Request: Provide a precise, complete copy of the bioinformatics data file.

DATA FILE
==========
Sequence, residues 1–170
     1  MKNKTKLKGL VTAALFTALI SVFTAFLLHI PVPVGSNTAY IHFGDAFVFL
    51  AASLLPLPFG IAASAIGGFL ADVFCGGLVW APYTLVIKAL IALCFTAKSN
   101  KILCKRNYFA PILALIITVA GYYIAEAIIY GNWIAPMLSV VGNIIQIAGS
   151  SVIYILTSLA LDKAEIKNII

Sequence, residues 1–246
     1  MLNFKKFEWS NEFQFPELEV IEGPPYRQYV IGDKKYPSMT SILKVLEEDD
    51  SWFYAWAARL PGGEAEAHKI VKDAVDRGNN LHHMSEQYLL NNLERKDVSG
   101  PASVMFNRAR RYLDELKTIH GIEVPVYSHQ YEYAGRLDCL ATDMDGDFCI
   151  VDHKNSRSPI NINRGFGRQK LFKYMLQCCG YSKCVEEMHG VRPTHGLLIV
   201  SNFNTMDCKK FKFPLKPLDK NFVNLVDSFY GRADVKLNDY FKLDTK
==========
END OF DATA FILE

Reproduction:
Sequence, residues 1–170
     1  MKNKTKLKGL VTAALFTALI SVFTAFLLHI PVPVGSNTAY IHFGDAFVFL
    51  AASLLPLPFG IAASAIGGFL ADVFCGGLVW APYTLVIKAL IALCFTAKSN
   101  KILCKRNYFA PILALIITVA GYYIAEAIIY GNWIAPMLSV VGNIIQIAGS
   151  SVIYILTSLA LDKAEIKNII

Sequence, residues 1–246
     1  MLNFKKFEWS NEFQFPELEV IEGPPYRQYV IGDKKYPSMT SILKVLEEDD
    51  SWFYAWAARL PGGEAEAHKI VKDAVDRGNN LHHMSEQYLL NNLERKDVSG
   101  PASVMFNRAR RYLDELKTIH GIEVPVYSHQ YEYAGRLDCL ATDMDGDFCI
   151  VDHKNSRSPI NINRGFGRQK LFKYMLQCCG YSKCVEEMHG VRPTHGLLIV
   201  SNFNTMDCKK FKFPLKPLDK NFVNLVDSFY GRADVKLNDY FKLDTK